WALPOLE, Mass. (AP) — A Massachusetts school didn’t follow its own guidance when a 9-year-old special-needs student who is Black was handcuffed by police at school and then taken to a hospital where he was held in an adult unit until he was released to his mother, a civil rights group says.
The group Lawyers for Civil Rights sent a letter to the Walpole public schools and police department asking for an apology for the family and proof of restraint training for school resource officers when dealing with special-needs students. The family is also exploring “all legal options” to hold the school and police accountable.
The boy was having a mental health crisis on Jan. 12, 2023 when, instead of following a prescribed treatment system, staff called the school resource officer who called for police backup, the group said.
In a description of the event posted by Lawyers for Civil Rights, Erika Richmond, an attorney with the group, said in a Wednesday news release that the incident exemplifies the “adultification” of Black children, a form of discrimination where Black children are perceived and treated as older than they are. The boy in this case was described as “big for his age” and “stronger than he looks.”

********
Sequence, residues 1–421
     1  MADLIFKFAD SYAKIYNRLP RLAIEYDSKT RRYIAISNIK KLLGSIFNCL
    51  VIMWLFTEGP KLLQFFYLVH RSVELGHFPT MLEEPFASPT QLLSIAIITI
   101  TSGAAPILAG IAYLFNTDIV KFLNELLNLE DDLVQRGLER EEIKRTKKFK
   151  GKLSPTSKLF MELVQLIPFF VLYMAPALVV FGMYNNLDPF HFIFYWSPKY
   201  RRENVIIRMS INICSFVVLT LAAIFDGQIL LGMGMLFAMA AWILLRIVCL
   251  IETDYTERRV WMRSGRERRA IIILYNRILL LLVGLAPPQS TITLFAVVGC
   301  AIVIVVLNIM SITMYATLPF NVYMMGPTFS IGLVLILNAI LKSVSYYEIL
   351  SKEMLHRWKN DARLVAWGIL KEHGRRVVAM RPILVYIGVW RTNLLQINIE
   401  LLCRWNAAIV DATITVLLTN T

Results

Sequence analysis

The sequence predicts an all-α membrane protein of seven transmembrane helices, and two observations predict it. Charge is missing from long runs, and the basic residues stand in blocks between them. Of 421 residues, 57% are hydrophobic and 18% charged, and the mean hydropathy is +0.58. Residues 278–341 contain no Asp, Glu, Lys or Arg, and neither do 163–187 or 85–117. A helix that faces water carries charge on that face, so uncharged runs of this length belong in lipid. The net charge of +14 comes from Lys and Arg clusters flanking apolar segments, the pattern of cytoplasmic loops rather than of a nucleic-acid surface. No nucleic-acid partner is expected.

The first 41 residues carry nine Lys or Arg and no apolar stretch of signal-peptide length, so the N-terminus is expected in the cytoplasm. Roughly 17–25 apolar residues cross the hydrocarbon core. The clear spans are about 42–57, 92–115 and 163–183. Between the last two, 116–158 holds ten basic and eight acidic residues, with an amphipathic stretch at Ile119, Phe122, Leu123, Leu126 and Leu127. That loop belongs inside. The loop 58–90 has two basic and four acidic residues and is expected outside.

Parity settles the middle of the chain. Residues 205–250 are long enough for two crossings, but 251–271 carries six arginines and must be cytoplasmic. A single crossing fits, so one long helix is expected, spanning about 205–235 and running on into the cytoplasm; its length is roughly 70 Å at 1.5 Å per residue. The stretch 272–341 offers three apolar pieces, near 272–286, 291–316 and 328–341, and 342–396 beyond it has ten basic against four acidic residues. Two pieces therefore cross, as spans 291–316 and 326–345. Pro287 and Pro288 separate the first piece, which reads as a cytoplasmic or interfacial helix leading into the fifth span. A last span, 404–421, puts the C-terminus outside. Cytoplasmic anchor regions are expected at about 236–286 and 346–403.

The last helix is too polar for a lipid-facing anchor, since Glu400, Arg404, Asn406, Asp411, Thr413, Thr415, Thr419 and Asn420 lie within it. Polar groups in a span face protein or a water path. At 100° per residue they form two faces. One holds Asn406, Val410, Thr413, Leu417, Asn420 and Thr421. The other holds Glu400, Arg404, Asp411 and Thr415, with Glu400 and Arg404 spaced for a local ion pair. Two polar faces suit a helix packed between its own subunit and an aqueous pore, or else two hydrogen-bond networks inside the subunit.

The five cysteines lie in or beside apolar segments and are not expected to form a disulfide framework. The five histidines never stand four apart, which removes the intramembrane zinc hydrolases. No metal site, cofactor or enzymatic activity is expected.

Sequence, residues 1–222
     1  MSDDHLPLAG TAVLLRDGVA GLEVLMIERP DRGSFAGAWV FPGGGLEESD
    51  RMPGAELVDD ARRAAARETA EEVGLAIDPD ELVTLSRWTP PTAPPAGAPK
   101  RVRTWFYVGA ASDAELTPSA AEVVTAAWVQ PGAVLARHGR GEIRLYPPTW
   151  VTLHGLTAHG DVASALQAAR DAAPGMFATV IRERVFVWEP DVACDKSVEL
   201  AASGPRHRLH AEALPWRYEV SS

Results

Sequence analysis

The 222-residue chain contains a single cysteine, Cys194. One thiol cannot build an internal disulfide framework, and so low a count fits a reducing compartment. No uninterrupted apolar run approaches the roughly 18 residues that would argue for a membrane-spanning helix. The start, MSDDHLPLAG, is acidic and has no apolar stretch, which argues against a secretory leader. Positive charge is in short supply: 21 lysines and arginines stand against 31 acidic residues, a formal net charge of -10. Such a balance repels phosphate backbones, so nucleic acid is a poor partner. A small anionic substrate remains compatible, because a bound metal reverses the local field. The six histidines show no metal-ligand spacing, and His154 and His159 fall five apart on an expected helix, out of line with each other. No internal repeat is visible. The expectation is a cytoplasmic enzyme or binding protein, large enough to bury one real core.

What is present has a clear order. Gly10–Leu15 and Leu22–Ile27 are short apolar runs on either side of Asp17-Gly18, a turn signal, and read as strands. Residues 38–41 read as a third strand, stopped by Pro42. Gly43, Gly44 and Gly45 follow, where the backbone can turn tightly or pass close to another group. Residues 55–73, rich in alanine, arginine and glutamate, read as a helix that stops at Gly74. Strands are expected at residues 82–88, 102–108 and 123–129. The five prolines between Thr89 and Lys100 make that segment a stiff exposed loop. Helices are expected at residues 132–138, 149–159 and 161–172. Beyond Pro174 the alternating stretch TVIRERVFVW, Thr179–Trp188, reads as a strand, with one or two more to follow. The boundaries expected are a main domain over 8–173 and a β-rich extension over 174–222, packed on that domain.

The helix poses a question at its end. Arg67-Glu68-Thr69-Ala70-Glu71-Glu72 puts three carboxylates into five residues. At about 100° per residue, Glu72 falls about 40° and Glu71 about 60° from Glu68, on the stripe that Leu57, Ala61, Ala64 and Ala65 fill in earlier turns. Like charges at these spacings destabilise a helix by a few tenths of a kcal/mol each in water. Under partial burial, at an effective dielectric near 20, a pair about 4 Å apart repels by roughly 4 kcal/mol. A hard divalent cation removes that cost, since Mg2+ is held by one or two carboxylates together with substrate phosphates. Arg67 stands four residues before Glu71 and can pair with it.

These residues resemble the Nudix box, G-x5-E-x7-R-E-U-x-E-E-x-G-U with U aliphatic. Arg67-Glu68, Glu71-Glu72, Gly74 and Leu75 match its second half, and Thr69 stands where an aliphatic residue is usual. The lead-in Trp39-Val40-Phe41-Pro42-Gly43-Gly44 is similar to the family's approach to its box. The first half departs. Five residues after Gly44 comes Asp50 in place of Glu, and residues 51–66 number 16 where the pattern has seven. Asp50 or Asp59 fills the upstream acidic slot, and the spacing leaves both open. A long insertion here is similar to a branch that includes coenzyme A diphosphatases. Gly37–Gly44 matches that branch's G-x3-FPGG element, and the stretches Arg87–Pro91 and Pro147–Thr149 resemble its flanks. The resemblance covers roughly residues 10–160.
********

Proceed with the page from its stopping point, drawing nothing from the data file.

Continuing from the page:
“Because of this bias, a situation that could easily have been de-escalated instead led to a young Black boy being handcuffed and held in adult custody,” Richmond said.
Richmond said the student, who has attention deficit/hyperactivity disorder and other needs, also has a history of being afraid of police. So when the police began to surround him, he tried to leave the classroom, which was when he was placed in handcuffs.
The child was taken to an adult psychiatric ward for an evaluation and was released to his mother after it was determined he was not a danger to himself or others.
In a statement distributed to media organizations, Walpole Police Chief Richard M. Kelleher confirmed that his department respond to an elementary school in January “to assist staff with a student,” but he declined to say more.
Walpole school Superintendent Bridget Gough did not address the issue directly, but said, “Walpole Schools are committed to the safety and education of all of our students, regardless of race or other protected characteristics.”